Nahant eyes guidelines for new developments

March 29, 2017

By BRIDGET TURCOTTE

NAHANT — The Planning Board will discuss whether the town should set guidelines for incoming religious and educational developments at a public hearing tonight at Town Hall.

The panel will make a recommendation for if Town Meeting should add a new section to the zoning bylaws that would require a site plan review for the construction of buildings that would be used for religious and educational purposes.

“There are one or more state statutes that exempt religious and educational developments from local review,” said Richard Snyder, chairman of the Planning Board. “It’s often referred to as the so-called Dover Amendment. It was passed by the state so that cities and towns could not prevent educational and religious uses within town. That right allows them to override various provisions of local zoning laws.”

While local municipalities cannot prevent the organizations from coming to town, they can ask the developers to work with them on a plan.

“This zoning ordinance is intended to provide that the town can play a role in any such development and hopefully influence its nature for the benefit of the town,” Snyder said. “What we try to do is tailor what we want done to make it consistent with the way our town looks. Our zoning bylaw prevents most buildings from being greater than 2.5 stories high. We’re trying to keep it consistent so the landscape is not disturbed.”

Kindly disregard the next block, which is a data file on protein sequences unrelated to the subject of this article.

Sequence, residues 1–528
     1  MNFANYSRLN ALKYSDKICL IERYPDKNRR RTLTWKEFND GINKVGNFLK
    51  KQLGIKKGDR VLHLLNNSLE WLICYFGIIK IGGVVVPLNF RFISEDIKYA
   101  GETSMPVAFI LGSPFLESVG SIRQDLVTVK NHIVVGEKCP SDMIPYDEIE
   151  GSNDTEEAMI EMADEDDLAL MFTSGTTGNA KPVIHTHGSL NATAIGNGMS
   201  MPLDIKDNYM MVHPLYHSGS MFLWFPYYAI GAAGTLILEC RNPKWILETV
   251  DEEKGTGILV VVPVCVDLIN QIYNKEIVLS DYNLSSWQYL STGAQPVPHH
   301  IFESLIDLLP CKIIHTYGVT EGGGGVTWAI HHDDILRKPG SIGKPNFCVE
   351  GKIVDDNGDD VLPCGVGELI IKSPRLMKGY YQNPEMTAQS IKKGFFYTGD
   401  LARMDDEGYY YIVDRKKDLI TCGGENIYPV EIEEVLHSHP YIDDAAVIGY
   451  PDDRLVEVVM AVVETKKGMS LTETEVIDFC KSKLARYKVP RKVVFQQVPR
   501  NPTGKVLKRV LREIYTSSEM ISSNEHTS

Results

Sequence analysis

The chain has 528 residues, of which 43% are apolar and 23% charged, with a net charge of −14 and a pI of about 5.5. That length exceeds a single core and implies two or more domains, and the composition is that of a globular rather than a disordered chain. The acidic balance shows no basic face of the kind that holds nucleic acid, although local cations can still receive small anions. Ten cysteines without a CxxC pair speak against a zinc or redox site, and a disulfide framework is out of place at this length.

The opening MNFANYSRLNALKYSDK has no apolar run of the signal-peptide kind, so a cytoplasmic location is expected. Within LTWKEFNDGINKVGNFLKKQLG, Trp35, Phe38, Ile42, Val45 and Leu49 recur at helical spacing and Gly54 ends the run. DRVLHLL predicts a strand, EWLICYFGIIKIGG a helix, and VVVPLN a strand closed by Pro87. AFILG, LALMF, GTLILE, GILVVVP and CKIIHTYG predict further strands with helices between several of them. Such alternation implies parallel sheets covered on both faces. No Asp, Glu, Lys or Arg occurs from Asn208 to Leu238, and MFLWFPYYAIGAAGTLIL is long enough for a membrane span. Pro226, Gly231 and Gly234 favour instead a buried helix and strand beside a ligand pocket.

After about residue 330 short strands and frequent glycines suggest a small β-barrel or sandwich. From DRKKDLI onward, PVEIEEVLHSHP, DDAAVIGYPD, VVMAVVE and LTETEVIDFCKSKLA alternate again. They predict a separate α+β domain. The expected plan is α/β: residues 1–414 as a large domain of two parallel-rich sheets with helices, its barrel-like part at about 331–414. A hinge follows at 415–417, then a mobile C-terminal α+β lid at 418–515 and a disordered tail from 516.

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The other hearing will require a recommendation on whether Town Meeting should amend the storm-water bylaws voted two years ago. The bylaw was intended to minimize soil erosion during construction and development by requiring that construction projects mitigate runoff.

In August 2015, the attorney general struck down three sections of the bylaws because they did not correctly identify how to assess and enforce fines and penalties, Snyder said. The revised version includes a fee up to $100 for each day that a criminal violation occurs. Non-criminal fines are proposed to be $25 for the first violation, $50 for the second and $100 for the third.

“Town Meeting passed it and in the course of a review by the attorney general, certain technical aspects of the law were found incomplete and we were asked to correct them and that’s what this seeks to do,” said Snyder.

The revision was drafted on advice from Town Counsel, he said.


Bridget Turcotte can be reached at bturcotte@itemlive.com. Follow her on Twitter @BridgetTurcotte.